25 year old Kosuke (Jun Matsumoto) is a diffident advertising executive living a dull if not unhappy life. Discovering he’s left it too late to ask out a colleague, Kousuke is feeling depressed but an unexpected meeting with a client brightens his day. The pretty woman standing in the doorway with the afternoon sun neatly lighting her from behind is an old middle school classmate – Mao (Juri Ueno), whom Kosuke has not seen in over ten years since he moved away from his from town and the pair were separated. Eventually the two get to know each other again, fall in love, and get married but Mao is hiding an unusual secret which may bring an end to their fairytale romance.

Filmed with a breezy sunniness, Girl in the Sunny Place straddles the line between quirky romance and the heartrending tragedy which defines jun-ai, though, more fairytale than melodrama, there is still room for bittersweet happy endings even in the inevitability of tragedy. Following the pattern of many a tragic love story, Miki moves between the present day and the middle school past in which Kosuke became Mao’s only protector when she was mercilessly bullied for being “weird”. Mao’s past is necessarily mysterious – adopted by a policeman (Sansei Shiomi) who found her wandering alone at night, Mao has no memory of her life before the age of 13 and lacks the self awareness of many of the other girls, turning up with messy hair and dressed idiosyncratically. When Kousuke stands up to the popular/delinquent kids making her life a misery, the pair become inseparable and embark on their first romance only to be separated when Kosuke’s family moves away from their hometown of Enoshima.

“Miraculously” meeting again they enjoy a typically cute love story as they work on the ad campaign for a new brassiere collection which everyone else seems to find quite embarrassing. As time moves on it becomes apparent that there’s something more than kookiness in Mao’s strange energy and sure enough, the signs become clear as Mao’s energy fades and her behaviour becomes less and less normal.

The final twist, well signposted as it is, may leave some baffled but is in the best fairytale tradition. Maki films with a well placed warmth, finding the sun wherever it hides and bathing everything in the fuzzy glow of a late summer evening in which all is destined go on pleasantly just as before. Though the (first) ending may seem cruel, the tone is one of happiness and possibility, of partings and reunions, and of the transformative powers of love which endure even if everything else has been forgotten. Beautifully shot and anchored by strong performances from Juri Ueno and Jun Matsumoto, Girl in the Sunny Place neatly sidesteps its melodramatic premise for a cheerfully affecting love story even if it’s the kind that may float away on the breeze.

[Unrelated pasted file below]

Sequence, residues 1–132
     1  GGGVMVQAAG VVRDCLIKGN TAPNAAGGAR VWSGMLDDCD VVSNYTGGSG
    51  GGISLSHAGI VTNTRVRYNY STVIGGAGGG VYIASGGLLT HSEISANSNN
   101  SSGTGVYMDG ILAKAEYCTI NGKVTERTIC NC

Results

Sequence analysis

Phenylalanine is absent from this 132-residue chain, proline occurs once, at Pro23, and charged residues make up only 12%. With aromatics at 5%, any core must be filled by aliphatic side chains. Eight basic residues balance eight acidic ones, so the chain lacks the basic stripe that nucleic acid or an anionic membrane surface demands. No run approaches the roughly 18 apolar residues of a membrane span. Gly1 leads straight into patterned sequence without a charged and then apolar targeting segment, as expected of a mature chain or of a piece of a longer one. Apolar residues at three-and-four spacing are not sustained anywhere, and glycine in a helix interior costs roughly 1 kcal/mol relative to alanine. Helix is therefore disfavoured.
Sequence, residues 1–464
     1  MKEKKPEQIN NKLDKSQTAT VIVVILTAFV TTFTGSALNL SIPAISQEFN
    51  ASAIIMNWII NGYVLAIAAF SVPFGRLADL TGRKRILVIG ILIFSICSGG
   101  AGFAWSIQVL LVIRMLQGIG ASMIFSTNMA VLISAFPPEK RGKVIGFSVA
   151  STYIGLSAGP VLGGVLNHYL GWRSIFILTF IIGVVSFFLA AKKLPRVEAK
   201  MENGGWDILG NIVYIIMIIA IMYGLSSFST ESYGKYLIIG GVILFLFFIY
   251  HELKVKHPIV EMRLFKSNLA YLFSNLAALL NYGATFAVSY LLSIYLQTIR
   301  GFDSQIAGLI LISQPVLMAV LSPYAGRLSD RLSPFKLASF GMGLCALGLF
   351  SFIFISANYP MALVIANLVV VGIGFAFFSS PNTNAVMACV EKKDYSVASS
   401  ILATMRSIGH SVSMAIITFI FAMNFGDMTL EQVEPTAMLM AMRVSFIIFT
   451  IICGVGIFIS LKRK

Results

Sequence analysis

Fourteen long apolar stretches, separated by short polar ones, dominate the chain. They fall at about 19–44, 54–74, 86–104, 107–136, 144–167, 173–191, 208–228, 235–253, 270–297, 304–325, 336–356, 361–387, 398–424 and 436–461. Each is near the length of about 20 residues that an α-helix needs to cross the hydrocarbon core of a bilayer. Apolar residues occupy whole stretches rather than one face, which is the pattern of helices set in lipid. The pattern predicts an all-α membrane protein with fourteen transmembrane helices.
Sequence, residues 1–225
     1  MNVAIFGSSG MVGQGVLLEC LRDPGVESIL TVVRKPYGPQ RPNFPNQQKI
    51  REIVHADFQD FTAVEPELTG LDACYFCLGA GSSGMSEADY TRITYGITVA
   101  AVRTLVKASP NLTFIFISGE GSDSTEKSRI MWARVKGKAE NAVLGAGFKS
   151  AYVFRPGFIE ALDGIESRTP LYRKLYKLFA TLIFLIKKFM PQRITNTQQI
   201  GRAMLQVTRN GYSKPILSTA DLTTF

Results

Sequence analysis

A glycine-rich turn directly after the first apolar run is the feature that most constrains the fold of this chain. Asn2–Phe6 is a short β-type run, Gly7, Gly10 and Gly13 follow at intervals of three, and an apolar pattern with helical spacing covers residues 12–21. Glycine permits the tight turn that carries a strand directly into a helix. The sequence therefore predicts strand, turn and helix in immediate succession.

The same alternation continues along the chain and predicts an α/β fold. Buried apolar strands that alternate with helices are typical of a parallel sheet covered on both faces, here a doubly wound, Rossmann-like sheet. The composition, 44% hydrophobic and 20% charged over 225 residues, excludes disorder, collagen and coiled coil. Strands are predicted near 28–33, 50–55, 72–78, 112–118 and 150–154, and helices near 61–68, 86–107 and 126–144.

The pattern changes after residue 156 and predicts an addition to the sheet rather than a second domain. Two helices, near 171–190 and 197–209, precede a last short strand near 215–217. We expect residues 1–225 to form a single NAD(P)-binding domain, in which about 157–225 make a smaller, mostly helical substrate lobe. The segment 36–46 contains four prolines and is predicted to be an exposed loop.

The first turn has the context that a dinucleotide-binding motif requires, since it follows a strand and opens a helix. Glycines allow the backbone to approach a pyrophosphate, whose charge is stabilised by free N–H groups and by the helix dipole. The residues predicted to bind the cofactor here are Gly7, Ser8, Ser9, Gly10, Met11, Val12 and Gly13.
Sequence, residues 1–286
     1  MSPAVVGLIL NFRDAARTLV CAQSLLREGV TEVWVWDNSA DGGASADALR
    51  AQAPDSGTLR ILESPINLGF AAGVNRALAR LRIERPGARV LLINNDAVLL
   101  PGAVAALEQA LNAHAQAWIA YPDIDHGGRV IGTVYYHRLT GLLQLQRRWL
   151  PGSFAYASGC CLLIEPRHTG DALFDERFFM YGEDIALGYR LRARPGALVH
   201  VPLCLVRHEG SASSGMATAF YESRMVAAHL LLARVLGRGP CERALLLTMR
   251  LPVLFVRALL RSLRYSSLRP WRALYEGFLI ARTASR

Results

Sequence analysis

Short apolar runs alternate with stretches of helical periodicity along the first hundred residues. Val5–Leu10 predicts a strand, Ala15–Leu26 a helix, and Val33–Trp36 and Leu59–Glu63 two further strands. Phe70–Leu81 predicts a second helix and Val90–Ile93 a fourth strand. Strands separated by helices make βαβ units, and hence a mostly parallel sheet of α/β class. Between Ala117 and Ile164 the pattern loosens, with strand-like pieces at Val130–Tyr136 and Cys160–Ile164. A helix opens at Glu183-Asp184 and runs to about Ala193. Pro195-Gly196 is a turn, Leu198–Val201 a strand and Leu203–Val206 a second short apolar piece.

Original trailer (no subtitles)

Survival Family (サバイバルファミリー, Shinobu Yaguchi, 2017)

survival family posterModern life is full of conveniences, but perhaps they come at a price. Shinobu Yaguchi has made something of a career out of showing the various ways nice people can come together to overcome their problems, but as the problem in Survival Family (サバイバルファミリー) is post-apocalyptic dystopia, being nice might not be the best way to solve it. Nevertheless, the Suzukis can’t help trying as they deal with the cracks already present in their relationships whilst trying to figure out a way to survive in the new, post-electric world.

Receiving a package from grandpa fills the Suzukis with horror more than gratitude. Mum Mitsue (Eri Fukatsu) can’t bring herself to cut the head off a fish and the sight of the giant bug that crawls out of the lettuce is just too much to bear. Her teenage daughter, Yui (Wakana Aoi), is not very excited either, tapping her smartphone with her fake nails, while her son Kenji (Yuki Izumisawa) spends all his time alone in his room with headphones permanently attached. Mr. Suzuki, Yoshiyuki (Fumiyo Kohinata) – the family patriarch, is a typical salaryman, obsessed with work and often in bed early.

All that changes one day when Yoshiyuki’s alarm clock does not go off. There’s been a power outage – nothing works, not the TV, not the phone, not even the tower block’s elevator. Being the salaryman champ he is, Yoshiyuki tries to make it into to work in other ways but the power’s out across the city and there’s nothing to be done. Everyone is sure the power will come back on soon, but days pass with the consequences only increasing as supermarket shelves become bare and water frighteningly scarce. After his boss decides to take his chances in the mountains and a neighbour dies as a direct result of the ongoing power shortage, Yoshihyuki decides to take the family on the road to find Mitsue’s country bumpkin father in the hope that he will have a better idea of how to survive this brave new world.

Yaguchi is quick to remind us all of the ways electricity defines our lives, even if we’ve begun to forget them. Not only is it a question of mobile phones being out and lifts being out of order, but gas appliances are also electric ignition as are the pumps which drive the water system. So used to the constant stream of electricity, no one quite realises what its absence means hence Yoshiyuki’s big idea is to get a plane from Haneda airport. Ridiculous as it may seem, he’s not the only one to have underestimated the part electricity plays in flight and the aviation industry as the airport is swamped by people trying to escape the rapidly disintegrating city. Credit cards no longer work leading to long checkout lines as the old ladies with their abacuses make a startling return to checkouts while bemused shoppers attempt to use the ATM machine to get more cash.